• Shipment, Bags, Bulk, Delays, On-carriage, Shipping Advice, Documents


    Shipment must be made at the vessel's last scheduled call at the port of shipment before commencing the final voyage. This is reminiscent of when traditional break bulk vessels used to discharge and load cargo at a range of ports in the same region and in so doing might call at the same port on the way in and on the way out. Modern container vessels rarely if ever do so but the stipulation is nevertheless a valid one and applies to both ECC and GCA.

    Shipment must be made by conference line or other acceptable vessel (ECF), or metal-hulled, self propelled vessels which are not over 20 years of age and not less than 1,000 net registered tons, classed A1 American Record or equivalent,operating in their regular trade (GCA). This prevents shippers from using any old tramp vessel that happens to be available. (Tramp vessels make irregular port calls to discharge and look for new cargo, i.e. the exact opposite of liner vessels.) Note also that at some future stage European Union authorities may introduce legislation covering the type, class, condition and age of ships that may enter European Union ports. *

    Shippers will pass on to the shipping line all relevant instructions received from buyers.These apply equally to shipment in bags in containers, and to shipments in bulk.

    Shipment in bags

    Shipment in containers, suitable for the transport of coffee, shall be permitted under LCL/FCL conditions, whereby the shipping company is responsible for the number of bags and the condition and suitability of the containers.

    However, shipping lines increasingly discourage LCL/FCL (or LCL/LCL) and in future shippers may not always be able to satisfy buyer's wishes in this regard. In this case their only option will be to effect weighing and stuffing under independent supervision at their expense since all other shipments in containers shall require agreement of the parties. Again, GCA leaves the matter of the shipment basis to the parties to the contract.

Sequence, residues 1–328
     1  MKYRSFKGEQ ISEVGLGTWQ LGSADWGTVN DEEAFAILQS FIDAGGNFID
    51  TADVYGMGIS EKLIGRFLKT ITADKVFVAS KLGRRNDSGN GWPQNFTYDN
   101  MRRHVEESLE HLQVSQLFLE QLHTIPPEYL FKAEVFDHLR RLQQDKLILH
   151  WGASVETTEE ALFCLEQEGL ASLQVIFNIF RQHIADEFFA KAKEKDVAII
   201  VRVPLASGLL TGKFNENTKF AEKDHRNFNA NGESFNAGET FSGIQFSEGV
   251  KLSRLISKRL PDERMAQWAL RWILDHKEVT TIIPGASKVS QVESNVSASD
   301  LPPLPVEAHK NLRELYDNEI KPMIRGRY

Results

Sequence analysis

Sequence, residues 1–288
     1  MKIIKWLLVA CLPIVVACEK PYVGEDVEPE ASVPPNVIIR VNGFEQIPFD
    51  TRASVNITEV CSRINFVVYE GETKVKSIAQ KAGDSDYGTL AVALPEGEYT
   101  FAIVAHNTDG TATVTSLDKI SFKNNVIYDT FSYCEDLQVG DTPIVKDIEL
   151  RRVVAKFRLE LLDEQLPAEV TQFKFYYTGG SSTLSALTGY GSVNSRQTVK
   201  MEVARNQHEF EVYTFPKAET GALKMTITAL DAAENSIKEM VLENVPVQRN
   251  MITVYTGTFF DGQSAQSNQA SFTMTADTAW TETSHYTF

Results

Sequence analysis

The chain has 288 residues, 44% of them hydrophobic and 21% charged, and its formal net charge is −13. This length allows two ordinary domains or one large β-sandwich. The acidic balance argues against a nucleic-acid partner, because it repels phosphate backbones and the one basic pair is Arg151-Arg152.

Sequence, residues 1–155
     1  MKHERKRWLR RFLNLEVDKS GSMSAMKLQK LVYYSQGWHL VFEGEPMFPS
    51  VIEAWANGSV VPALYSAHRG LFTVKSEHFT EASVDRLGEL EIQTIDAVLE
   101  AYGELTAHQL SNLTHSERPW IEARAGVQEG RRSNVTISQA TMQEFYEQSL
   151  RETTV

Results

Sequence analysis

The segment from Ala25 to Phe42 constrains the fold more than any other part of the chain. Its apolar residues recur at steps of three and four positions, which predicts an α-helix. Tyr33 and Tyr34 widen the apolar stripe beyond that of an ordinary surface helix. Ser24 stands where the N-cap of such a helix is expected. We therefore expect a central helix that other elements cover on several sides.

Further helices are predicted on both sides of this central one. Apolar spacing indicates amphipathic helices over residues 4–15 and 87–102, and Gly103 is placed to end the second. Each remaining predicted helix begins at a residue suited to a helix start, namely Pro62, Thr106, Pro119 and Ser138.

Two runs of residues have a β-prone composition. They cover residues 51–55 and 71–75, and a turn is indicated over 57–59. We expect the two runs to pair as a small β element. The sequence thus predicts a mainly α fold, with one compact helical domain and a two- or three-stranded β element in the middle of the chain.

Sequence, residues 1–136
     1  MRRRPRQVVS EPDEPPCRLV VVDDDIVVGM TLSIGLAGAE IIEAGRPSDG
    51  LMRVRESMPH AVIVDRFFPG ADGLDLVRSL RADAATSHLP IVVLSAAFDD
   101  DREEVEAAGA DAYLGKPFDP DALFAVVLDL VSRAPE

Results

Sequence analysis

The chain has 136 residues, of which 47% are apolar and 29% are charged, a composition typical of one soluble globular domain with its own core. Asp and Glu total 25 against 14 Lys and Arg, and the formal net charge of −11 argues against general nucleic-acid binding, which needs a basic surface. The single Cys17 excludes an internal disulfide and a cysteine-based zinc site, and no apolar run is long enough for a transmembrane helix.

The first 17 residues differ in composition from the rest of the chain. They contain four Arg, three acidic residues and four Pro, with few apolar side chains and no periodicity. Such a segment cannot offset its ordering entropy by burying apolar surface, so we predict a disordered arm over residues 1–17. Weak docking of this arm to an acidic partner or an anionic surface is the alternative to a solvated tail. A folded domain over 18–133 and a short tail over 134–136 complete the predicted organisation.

LCL, or less than container load: the shipping line accepts responsibility for the number of bags. FCL, or full container load: the line accepts responsibility only for the container, not for the contents, by stating for example, STC (said to contain) 300 bags of coffee on the bill of lading. See also 05, Logistics and Insurance.

    Shipment in bulk

    Unless otherwise agreed, shipment shall be made under FCL/FCL conditions. This reflects the move from break bulk to almost universal containerization. The 1991 edition of the ECC still stipulated that only LCL/LCL was acceptable and that shipment in bulk required prior agreement. Unless otherwise stated, FCL/FCL is now the norm. This means that bulk is increasingly, if not always, loaded and weighed under independent supervision, but shippers still have to pass on to the shipping line all relevant instructions received from buyers, and in case of damage may be asked to provide proof of having done so. GCA leaves the matter entirely to the parties, who must stipulate the agreed shipping basis in the contract.

    Delay in shipment

    Sellers shall not be held responsible if they are able to prove their case. The most important point this article makes is that the buyer must be kept informed at all times without undue delay. This is absolutely essential. Delays in shipment usually affect buyers adversely and they must be enabled to take measures to protect themselves. Failing to respect this clause not only is entirely unprofessional but can also result in unforeseen consequences, possibly even cancellation of the contract.